Thank you very much für your post. I'm very interested in the basics of your differential add-on. So I would be pleased to receive your informations. Perhaps you can give me some tips of the design of the add-on too.

Bazyle25/10/2016 13:34:16
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4989 forum posts
198 photos

For the record, from Neil’s spreadsheet index

“Using the Jacobs Gear Hobbing Machine to Cut Helical Gears Part 1”

MEW 2010 November vol 169 page 36 by Chris Robinson.

Not sure what it covered as I can’t find this issue.

Chris Robinson 225/10/2016 14:06:29
3 forum posts

Bazyl, This article, which I wrote was published in MEW in 4 parts. No.169 Nov 2010 pp36-41, No170 Winter 2010 pp 32-35, No172 Jan 2011 pp 44-48. It covered modifications to the Jacobs hobber to cut helical gears. I wrote a further article covering the fitting a differential to the index train, cutting worm gears using plunge feed, cutting worm gears using ACME taps as hobs with tangential feed and more but MEW declined to publish.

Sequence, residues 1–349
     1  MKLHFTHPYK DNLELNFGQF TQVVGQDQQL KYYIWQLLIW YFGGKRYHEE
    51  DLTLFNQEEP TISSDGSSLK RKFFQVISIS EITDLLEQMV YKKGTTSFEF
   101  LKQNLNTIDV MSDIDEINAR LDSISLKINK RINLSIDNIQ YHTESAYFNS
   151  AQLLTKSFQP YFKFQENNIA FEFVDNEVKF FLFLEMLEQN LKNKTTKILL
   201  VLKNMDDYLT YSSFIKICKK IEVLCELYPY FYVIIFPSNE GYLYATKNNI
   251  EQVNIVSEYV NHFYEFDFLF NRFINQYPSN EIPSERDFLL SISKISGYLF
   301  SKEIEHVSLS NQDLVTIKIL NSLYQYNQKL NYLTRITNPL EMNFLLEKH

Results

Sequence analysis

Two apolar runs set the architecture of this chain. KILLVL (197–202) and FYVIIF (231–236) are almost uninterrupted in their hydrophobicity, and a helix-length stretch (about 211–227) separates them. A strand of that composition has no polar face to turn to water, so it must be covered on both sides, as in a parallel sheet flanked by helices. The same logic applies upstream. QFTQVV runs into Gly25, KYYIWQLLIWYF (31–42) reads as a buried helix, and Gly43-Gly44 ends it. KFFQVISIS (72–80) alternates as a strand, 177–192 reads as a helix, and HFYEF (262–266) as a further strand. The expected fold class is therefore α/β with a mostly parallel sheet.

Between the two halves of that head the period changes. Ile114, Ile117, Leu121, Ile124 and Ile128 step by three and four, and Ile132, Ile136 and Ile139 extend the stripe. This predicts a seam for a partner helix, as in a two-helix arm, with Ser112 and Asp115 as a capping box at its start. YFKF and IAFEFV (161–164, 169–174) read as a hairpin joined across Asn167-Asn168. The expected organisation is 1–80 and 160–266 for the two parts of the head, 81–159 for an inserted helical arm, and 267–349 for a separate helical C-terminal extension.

If you message me your e-mail address I can send this to you.

Tendor26/10/2016 06:15:02
34 forum posts
1 photos

This diagram of the kinematics of a commercial universal hobbing machine (DEMAK) might be of interest.

It might not be obvious, but to cater for hob lead and helical gears, the hob axis can be tilted about the axis of gear pair H-I.

demak_scm_41s.jpg

Marischal Ellis26/10/2016 09:39:54
27 forum posts
11 photos

Hi All

Do you use Google translate to understand a thread? . Seems to work for me the few times I have tried it. Just a thought for Gustav.

Best wishes to all.

M